You might also like: Guardian/Vice Poll Finds Most US 2020 Voters Strongly Favour Climate Action

Featured image by: Flickr

A new study predicts that three quarters of the world’s major cities will experience dramatic climate shifts in their weather by 2050.

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Environmental Predictions 2050

New York, San Francisco, and Washington will face unprecedented weather, while London will suffer from extreme drought by 2050, a recent study that analysed the impacts of climate change on the world’s major cities predicts. The effects of global heating will be so severe that the cities in temperate or cold zones in the northern hemisphere will be as hot as cities that are 1 000 km closer to the equator.

The research paper published in the peer-reviewed science journal PLOS ONE states that summers and winters in Europe will get considerably warmer by 2050, with average increases of 3.5C and 4.7C, respectively, compared with 2000. Water shortages will affect scores of cities in Europe as a result of the heating. The climate in London will look more like the climate in Barcelona, which suffered a major drought in 2018 resulting in millions of euros being spent on importing drinking water. Madrid will feel like Moroccan city Marrakech, Stockholm like Budapest, and Moscow like Bulgarian capital city Sofia.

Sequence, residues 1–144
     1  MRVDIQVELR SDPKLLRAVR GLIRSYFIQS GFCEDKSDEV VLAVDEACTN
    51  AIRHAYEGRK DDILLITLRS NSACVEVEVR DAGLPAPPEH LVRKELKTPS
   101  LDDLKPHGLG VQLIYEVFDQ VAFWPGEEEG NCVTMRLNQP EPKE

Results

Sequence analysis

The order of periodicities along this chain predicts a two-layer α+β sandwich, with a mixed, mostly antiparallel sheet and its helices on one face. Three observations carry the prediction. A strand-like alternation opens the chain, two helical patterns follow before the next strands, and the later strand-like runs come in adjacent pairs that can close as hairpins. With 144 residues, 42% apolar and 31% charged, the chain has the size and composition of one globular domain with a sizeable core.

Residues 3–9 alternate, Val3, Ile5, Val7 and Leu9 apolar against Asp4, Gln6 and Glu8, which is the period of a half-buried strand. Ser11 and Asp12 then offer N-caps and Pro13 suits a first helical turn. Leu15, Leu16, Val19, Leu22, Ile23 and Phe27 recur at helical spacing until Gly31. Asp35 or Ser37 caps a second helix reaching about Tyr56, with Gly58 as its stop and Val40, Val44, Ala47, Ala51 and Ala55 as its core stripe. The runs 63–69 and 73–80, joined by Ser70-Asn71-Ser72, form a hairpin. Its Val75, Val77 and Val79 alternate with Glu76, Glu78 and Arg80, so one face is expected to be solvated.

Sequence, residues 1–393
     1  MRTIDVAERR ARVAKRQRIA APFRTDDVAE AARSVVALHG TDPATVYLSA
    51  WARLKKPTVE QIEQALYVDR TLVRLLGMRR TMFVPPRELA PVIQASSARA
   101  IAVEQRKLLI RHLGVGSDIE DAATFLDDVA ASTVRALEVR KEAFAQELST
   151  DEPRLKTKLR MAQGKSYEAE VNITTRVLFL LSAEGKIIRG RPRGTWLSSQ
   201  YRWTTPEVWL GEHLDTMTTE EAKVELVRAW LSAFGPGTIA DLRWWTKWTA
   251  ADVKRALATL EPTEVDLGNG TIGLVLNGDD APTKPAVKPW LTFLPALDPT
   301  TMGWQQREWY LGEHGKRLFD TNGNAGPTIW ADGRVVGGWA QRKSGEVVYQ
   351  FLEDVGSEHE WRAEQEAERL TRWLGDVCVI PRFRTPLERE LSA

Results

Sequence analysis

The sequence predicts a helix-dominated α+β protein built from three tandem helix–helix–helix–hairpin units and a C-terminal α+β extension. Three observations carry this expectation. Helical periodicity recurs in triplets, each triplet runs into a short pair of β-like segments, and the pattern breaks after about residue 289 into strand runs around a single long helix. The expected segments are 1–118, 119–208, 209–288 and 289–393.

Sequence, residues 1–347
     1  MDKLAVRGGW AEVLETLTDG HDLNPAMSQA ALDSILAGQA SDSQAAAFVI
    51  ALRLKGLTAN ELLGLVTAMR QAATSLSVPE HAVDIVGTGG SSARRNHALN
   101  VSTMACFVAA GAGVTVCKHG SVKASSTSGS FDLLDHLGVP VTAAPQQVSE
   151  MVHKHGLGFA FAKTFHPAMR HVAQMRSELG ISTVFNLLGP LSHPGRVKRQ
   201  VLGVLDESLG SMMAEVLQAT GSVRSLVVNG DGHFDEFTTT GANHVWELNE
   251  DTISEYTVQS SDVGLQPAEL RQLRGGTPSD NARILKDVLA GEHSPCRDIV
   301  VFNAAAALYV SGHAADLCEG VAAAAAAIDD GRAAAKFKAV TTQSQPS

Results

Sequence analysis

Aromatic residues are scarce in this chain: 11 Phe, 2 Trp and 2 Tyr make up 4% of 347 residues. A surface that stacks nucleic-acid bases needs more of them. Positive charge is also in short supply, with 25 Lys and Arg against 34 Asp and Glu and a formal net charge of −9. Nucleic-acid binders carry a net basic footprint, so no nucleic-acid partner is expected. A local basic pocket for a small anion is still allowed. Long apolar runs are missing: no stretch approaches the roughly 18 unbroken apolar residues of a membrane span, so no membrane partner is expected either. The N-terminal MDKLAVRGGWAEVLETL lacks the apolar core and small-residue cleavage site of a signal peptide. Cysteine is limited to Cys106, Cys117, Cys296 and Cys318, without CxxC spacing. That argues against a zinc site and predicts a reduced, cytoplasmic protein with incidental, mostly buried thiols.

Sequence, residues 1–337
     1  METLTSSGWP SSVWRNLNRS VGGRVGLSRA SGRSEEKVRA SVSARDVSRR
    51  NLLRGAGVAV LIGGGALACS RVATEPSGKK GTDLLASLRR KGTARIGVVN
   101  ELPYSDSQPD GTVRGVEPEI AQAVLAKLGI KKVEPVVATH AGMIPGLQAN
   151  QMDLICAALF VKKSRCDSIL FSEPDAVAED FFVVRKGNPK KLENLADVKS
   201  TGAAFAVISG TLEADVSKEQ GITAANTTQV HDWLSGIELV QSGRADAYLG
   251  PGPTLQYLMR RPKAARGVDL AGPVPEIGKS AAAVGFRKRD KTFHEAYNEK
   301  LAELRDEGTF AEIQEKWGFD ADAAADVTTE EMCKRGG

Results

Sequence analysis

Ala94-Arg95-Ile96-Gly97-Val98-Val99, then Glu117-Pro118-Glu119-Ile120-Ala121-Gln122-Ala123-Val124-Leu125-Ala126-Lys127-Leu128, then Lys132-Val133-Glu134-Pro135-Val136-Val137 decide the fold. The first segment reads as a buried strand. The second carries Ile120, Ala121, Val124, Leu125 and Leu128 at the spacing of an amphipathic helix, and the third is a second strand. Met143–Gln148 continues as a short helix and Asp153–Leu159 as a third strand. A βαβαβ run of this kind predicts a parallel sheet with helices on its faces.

You might also like: Earth Had its Second-Warmest March Ever

“New York City winters will be as warm as winters in Virginia Beach and wet Seattle will be as dry as San Francisco,” says the paper. “Washington D.C. will be more like today’s Nashville but with even greater variation in temperatures and precipitation.”

The residents of about a fifth of cities globally–including Jakarta, Singapore, Yangon, and Kuala Lumpur–will experience conditions currently not seen in any major cities in the world.  Rainfall will be a particular problem for such cities, with extreme flooding becoming more common alongside more frequent and severe droughts.